In 1960, Dr. Henry Indyk was hired as the extension specialist in turfgrass management when Dr. Skogley left Rutgers to lead the turf program at the University of Rhode Island. Dr. Indyk helped form the Cultivated Sod Association of New Jersey in 1962, the New Jersey Turfgrass Association in 1970, and was the driving force behind the development of the annual New Jersey Turfgrass Expo educational conference and trade show in 1974. He was also a strong advocate for the certification of seeded turfgrass varieties, and initiated a sod certification program in New Jersey, the first of its kind in the United States.
The turfgrass breeding program took a giant step forward when Dr. C. Reed Funk joined the faculty in 1962. At the same time, the University purchased a 200 acre dairy farm in Freehold, NJ to support the new breeding program as well as applied research in cereal crops, forages, and field crops. The first field day was held at the new Plant Science Research and Extension Farm (known as the Adelphia Farm) in 1965. Dr. Funk was a pioneer in turfgrass breeding and was the first full-time cool-season turfgrass breeder in the United States. He helped shape the turfgrass team that is in place today and had an incredibly productive career that spanned over four decades.
Funk is credited with the development of hundreds of cool-season turfgrass cultivars with dramatic improvements in pest and stress tolerance. Many of his germplasm releases, such as 'Manhattan' perennial ryegrass and 'Rebel' tall fescue, are considered landmark cultivars and have served as a foundation for many of the new turf-type cultivars used throughout the world today. His tremendous intellect and keen sense of observation lead to many significant discoveries including the development of the first successful method of breeding Kentucky bluegrass by means of intraspecific hybridization, and the discovery that endophytic fungi can impart increased tolerance to major insect pests and enhanced performance for turfgrasses growing under environmental stress. Reed's diverse germplasm collection and enhancement programs have revolutionized the turfgrass sod and seed industries throughout the world.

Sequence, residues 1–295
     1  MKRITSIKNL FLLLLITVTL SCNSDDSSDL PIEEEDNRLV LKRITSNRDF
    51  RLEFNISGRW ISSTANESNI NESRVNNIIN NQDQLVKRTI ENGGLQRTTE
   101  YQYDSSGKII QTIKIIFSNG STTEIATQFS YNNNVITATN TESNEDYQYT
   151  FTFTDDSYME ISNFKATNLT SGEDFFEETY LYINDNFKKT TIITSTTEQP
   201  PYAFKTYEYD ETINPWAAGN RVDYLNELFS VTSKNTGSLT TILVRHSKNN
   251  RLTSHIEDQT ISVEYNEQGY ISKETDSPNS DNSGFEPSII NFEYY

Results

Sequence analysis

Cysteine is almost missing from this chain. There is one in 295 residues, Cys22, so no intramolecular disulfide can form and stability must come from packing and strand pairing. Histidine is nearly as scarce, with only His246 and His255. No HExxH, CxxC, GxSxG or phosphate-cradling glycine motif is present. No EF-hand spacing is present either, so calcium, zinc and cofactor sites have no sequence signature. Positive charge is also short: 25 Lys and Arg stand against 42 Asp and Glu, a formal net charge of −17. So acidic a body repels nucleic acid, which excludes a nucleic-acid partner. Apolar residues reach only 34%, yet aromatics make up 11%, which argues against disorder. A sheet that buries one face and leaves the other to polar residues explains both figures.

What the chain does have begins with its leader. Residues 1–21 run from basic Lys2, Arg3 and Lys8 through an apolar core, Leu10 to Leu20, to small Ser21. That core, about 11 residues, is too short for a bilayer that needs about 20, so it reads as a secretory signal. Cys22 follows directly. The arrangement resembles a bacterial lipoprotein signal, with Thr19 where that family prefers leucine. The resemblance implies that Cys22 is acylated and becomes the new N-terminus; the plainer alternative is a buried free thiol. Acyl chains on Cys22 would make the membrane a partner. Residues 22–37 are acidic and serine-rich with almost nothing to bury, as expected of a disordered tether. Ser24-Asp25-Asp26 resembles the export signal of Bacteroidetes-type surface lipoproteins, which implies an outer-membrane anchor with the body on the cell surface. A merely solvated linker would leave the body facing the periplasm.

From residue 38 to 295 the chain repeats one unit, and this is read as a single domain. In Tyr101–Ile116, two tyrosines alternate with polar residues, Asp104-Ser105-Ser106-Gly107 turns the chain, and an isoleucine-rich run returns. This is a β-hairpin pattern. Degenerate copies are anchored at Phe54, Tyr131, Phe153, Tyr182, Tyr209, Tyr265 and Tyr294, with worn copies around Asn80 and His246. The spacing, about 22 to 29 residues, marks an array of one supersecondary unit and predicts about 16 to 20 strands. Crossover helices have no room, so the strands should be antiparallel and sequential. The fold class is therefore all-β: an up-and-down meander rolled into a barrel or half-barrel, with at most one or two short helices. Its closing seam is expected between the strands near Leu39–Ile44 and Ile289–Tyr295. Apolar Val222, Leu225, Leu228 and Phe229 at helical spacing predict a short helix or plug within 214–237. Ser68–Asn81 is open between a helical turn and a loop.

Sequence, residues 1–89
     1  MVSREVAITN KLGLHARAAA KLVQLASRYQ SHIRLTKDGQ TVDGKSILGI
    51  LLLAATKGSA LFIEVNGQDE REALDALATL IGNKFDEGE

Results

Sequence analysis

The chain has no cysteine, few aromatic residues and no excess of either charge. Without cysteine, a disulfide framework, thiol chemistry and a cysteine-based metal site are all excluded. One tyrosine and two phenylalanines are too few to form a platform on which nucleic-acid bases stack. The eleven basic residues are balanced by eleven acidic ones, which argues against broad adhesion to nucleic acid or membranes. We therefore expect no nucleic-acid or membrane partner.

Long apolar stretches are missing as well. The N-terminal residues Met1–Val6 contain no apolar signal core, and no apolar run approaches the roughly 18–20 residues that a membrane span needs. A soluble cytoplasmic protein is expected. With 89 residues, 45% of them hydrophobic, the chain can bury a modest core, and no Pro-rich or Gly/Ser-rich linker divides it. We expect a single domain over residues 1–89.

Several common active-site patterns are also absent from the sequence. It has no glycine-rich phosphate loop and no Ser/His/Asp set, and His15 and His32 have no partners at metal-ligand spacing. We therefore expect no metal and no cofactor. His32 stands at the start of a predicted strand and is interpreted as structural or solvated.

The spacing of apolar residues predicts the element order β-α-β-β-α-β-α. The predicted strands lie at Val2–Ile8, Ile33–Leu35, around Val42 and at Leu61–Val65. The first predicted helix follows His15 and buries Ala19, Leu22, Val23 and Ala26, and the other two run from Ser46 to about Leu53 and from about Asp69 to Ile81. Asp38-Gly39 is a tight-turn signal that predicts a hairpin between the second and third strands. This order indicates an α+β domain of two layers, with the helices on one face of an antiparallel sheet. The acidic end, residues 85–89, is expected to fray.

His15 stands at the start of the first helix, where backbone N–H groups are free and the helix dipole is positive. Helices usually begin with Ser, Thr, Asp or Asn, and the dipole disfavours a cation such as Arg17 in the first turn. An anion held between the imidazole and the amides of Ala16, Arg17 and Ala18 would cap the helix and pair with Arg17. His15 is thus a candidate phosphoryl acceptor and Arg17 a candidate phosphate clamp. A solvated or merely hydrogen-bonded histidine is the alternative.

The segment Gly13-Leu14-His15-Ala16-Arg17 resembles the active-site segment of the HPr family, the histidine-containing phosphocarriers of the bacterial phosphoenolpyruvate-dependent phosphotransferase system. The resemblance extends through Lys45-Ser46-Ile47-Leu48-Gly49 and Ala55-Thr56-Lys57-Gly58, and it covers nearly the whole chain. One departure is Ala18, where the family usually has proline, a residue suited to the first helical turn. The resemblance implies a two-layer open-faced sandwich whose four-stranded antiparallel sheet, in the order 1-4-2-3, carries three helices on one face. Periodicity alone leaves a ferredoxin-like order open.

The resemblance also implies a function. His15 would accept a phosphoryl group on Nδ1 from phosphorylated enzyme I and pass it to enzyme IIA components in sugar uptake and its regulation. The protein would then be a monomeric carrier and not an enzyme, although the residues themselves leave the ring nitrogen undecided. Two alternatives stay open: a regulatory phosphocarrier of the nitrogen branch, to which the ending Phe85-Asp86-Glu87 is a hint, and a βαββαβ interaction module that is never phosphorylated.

Dr. Philip Halisky joined the turfgrass team in the mid-1960s as a research professor in turfgrass pathology specializing in Helminthosporium diseases of cool-season turf. Halisky conducted research and taught in the two-year Professional Golf Turf Management School for more than 20 years and was an expert on smut diseases of grasses.
By the 1980, Rutgers was a recognized a world-leader in turf research and extension. The program had outgrown its research farm on the corner of Dudley Rd. and College Farm Rd., so the entire operation was moved to Horticulture Farm 2 in North Brunswick in 1982. Dr. Bruce Clarke was hired in 1981 to replace Dr. Spence H. Davis, the extension specialist in turf and ornamental pathology. To expand on that reputation, Dr. Clarke worked with Dr. Richard H. White, turfgrass physiologist at Rutgers from 1987 to 1992, and the rest of the turfgrass faculty to develop a strategic plan in 1987 that set the stage for hiring nine new faculty over the next two decades, including: Dr. James Murphy, extension specialist in turfgrass management (1991), Dr. James White, research professor in endophyte systematics (1995), Dr. Michael Richardson, turfgrass physiologist (1995-1997), Dr. William Meyer, turfgrass breeder (1996), Dr. Albrecht Koppenhöfer, turfgrass entomologist (1998), Dr. Steven Hart, turfgrass weed scientist (1999-2014), Dr. Bingru Huang, turfgrass stress physiologist (2000), Dr. Stacy Bonos, turfgrass breeder (2001), and Dr. Ning Zhang, a research professor working with plant-associated fungi. Clarke became the director of the Rutgers Center for Turfgrass Science in 1993, a position that he still holds.